Using that definition of compatibility this would mean that the D.O. or LDR is “compatible with” (has achieved compatibility with) the comprehensive plan if it “can coexist” in “a stable fashion” without “unduly negatively impacting” the plan. This is essentially the same as the previous statute definition, of being not in conflict with.

But the definition of consistency also requires that the D.O or LDR must “further” the goals or policies of the comprehensive plan. There is no clear definition of “furthers” in the current growth management statutes, but it is not unreasonable, given its usage, to use the ordinary meaning – furthers means to advance or assist in moving forward. This would mean that the D.O. or LDR must not only not conflict with, but must also help advance, the provisions of the comprehensive plan. This requires an affirmative action – an implementing of the comprehensive plan provisions.

The last part (“and if it meets all other criteria enumerated by the local government”) seems a bit vague, especially in reference to an LDR. The “it” referenced appears to be the D.O. or LDR and, as the sentence is in the conjunctive, the “other criteria enumerated” appear to potentially be criteria separate from the comprehensive plan (reading that part of the sentence as “A [D.O. or LDR] shall be consistent with the comprehensive plan … if it meets all other criteria enumerated by the local government). It isn’t clear if these would be procedural criteria or some other type of criteria.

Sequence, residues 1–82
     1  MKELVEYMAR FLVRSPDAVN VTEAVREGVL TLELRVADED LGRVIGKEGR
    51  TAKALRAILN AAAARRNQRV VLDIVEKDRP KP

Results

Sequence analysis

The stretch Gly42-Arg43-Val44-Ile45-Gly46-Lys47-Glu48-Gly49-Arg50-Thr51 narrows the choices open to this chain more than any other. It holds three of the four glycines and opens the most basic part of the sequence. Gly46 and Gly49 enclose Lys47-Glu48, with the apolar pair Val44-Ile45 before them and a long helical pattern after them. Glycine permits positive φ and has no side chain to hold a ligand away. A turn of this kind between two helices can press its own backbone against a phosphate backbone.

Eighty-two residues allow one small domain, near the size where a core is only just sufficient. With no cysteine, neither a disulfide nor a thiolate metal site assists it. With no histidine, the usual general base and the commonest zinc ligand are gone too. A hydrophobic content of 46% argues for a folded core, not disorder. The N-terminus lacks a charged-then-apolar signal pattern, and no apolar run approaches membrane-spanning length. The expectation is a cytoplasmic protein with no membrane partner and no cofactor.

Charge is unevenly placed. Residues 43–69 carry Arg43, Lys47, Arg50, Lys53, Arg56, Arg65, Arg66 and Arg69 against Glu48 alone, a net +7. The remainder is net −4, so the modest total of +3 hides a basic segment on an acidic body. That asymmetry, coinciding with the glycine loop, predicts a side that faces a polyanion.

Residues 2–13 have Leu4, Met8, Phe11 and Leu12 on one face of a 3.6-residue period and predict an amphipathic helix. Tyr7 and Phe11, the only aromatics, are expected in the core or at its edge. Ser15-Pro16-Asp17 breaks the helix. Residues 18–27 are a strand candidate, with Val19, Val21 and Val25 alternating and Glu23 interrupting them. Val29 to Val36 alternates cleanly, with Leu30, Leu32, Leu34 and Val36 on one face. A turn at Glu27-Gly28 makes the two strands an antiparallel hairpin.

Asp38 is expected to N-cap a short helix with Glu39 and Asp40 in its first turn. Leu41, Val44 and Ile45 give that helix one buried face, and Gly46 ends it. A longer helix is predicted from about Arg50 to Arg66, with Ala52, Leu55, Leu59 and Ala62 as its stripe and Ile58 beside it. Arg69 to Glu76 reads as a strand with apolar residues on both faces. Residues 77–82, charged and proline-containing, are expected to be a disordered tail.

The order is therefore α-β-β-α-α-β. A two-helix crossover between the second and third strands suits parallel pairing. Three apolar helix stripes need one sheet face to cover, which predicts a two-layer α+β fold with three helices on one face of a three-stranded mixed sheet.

Putting all these provisions together, a D.O. or LDR is consistent with the comprehensive plan if:

  1. The aspects of development allowed by the D.O./LDR are:
    1. Not in conflict with; and
    2. Advance or assist in moving forward the goals, objectives, policies, land uses, densities, and intensities in the comprehensive plan; and
  2. The D.O./LDR meets all the other criteria enumerated by the local government.

The part of the comprehensive plan relevant in a consistency evaluation.

Once it is determined what is meant by “consistent,” the issue becomes what parts of the comprehensive plan a D.O. or LDR must be measured against for consistency. The easy, but perhaps too simple, answer is all parts. The growth management act say development is expected to conform with the comprehensive plan, elements, or portions thereof. §§ 163.3161(5) and 163.3194(1)(a) and (b), F.S. An often cited case said that the review is to determine conformity with “each element and the objectives of the land use plan ….” Machado v. Musgrove, 519 So.2d 629, 632 (Fla. 3d DCA 1987). Although certainly highly relevant, courts have also said that all of the elements, not just the future land use element, that should be considered. Sw. Ranches Homeowners Ass’n, Inc. v. Broward County, 502 So.2d 931, 935 (Fla. 4th DCA 1987).